For your inspection I offer the following times: Local Elite Men 5K <16:30, 10K<33:30, Half <1:15:00, Full  <2:45.  Women 5K <19:00, 10K <39:00, Half <1:30. Full < 3:15.  If you want to  be considered Regionally Elite you’d better get to work.  Men 5 <15:00. 10K  <31:00, Half <1:09, Full <2:25.   Women 5K <17:00, 10K < 35:00, Half <1:20:00, Full <2:50.  All  around the country these times and athletes are known as “Sub Elites”.  If they continue their developmental arc and are Truly Talented, these times hold  sway:  Men 5K <14:30, 10K <30:00, Half @ <1:06, Full @ sub 2:15.  Women 5K <16:00, 10K < 33:00, Half <1:15:00, Full <2:40.

We may not have Running Times to trumpet excellence anymore but I hope you will continue to read these musings, I promise I’ll never be co-opted or dumbed down to a mass audience.

Now get to work!



Well they certainly were in benevolent spirits this  past weekend.  I’ll kick off the gifts by congratulating our mates Pete Kostelnick and Kyle Clouston for being among the luckiest on Saturday morning’s Western States Lottery.  My response has been, one would have been great,  two is a blessing.  Good Clean Living.  Throw in the fact that the only other Nebraskan selected was Pete’s co-worker Jon Tanner and you see while we are just feeling so special!

Camille Herron!  Our friend and your new 50K World Champion!!  Wrapping  up the year undefeated with two World Titles.  Sweet.

Kaci  Lickteig was in Auburn California for the UROC 100K where she finished a fine 3rd overall (10:56:22).  Tops was my old buddy Magdalena Boulet (10:03:29) followed by Larisa Dannis (10:25:41)

They grinned on California International Marathon too.
Eric Noel (LRC alum)- 2:21:31
Michael Rathje (LRC)- 2:28:19
Johnny Rutford (LRC)- 2:39:34
Tom Nichols (LRC)- 2:41:56
Natalie Como (Sonoran Distance Project)- 2:47:54—–(used to run for me)
Liza Hunter Galvan (previously convicted drug cheat, 46)- 2:48:29
Lisa Barmert (originally from Fremont)- 2:49:09
Kayte Partch- 2:54:36
Shannon Mauser Suing- 2:54:48

And cracked a smile on Cory Logsdon 892 miles to the east as his 2:42:21 was good enough for the overall win at the Tuscon Marathon.  Cory has had a packed fall running well at LHF and now the 26.2 laurels.  Doing the “meatgrinder” circuit as he is also entered into this coming weekend’s Club XC Champs.  I’m biting the end  of my tongue off.

And saved some for Lauren Smith of Lake Jackson, TX (a homey) as she turned in an Olympic Trials Qualifier 1:14:52 at the Rock’n’Roll San Antonio Half Marathon.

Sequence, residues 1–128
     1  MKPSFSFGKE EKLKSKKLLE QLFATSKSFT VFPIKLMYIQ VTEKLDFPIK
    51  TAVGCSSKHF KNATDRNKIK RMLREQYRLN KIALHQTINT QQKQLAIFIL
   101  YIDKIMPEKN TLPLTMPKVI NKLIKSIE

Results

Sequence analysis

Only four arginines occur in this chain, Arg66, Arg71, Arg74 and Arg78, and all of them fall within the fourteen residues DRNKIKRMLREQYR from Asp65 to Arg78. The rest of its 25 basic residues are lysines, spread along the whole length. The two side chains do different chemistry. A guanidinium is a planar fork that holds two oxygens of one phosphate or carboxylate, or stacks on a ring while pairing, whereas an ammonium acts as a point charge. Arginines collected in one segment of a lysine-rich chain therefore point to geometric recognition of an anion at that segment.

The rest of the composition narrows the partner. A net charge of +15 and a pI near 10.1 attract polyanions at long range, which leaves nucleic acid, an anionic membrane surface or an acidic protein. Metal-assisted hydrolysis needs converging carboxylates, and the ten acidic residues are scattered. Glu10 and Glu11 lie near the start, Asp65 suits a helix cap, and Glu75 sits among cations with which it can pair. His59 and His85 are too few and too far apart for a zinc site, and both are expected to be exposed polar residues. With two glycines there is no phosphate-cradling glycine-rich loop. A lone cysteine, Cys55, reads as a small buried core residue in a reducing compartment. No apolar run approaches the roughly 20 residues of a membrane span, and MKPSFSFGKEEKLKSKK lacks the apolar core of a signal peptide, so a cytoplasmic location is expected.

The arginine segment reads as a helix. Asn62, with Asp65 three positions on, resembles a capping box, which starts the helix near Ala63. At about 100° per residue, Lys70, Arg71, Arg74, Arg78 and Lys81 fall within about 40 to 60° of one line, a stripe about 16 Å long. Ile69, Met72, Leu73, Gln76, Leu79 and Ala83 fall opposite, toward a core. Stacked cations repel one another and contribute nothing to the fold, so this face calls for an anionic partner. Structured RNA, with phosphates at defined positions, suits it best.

Perhaps the first ever 50/100 miler held in Iowa was also this past weekend.  Looking high and low for some results if your sleuthing skills trump mine thanks for sending along.

I hope you’ll take a look at the new banner up top 2016 Winter Fitness Series.  We’re excited to offer these low key, fast or slow as you need, opportunities to maintain your  waistline and fitness through the holidays.  We’ve moved the series to Two  Rivers State Recreation Area and trimmed down our dates to five only across January/February.

January 9th- Rust Buster 5K
January 23- Full  Wolf Moon 5K
February  6- Dalton Gang 5K
February 14- 4th annual Two  Rivers Valentines Day Runs (1.5 mile, 3 mile, 6 mile)
February 27- Halley’s Comet 8K
Only minutes from most of you, we hope you’ll come out and enjoy the camaraderie, home baked goodies, hot chocolate, official results, and the chance to win our series Grand Prize (one lucky winner will be drawn, each time you participate, your odds jump jump jump.)




Think what you will.  Spin it any  way you want.  Speak your truth with personal conviction, but make sure  your  position is soundly based in fact.  I’m going to tell you right here and right now that USATF, despite what others might try and convince you of, is all about Medals.  Olympic Medals.  World Championships Medals.

The  grassroots efforts, the outreaches, the youth programs, the meetings, the battles (some just shy of fisticuffs), the dedication, the  labors.  All about the Medals.  You surely don’t believe otherwise do you?

If you were in attendance at last night’s Opening Ceremonies you heard it from CEO Max Siegel and Your Highness Hightower.  Everything is judged and graded on Medals.  Everything.  Anything else you can, with all due respect of course, join RRCA.  Which does very good work for the sport, the athletes, and its programs.  But don’t you compare that apple to this orange.



Our Elite Development Club Council is wrangling a mess in the form of our USATF Club XC Championships  in San Francisco.  The ever increasing swell of participation (successful program!) has necessitated that the event be split into two separate races.  Wait for it……..

“A” Race and “B” Race.  What we are dealing with is exactly whom gets into which race and why.  Excellence trumping emotion.  The one thing we all agree on is that the only way to  guarantee your club’s entry into the A Race is Excellence.  If you finished as a top 40 team last year you are in the A Race.  One of our concerns is that clubs relegated to the lesser race may find that it doesn’t satisfy them or their sponsors and may influence their return in 2016.

USATF clubs all share commonalities.  Budgets.  And how we are to afford the best possible competitive situations and outcomes to fulfill our purpose of Elite Development.  With eyes constantly on the podium.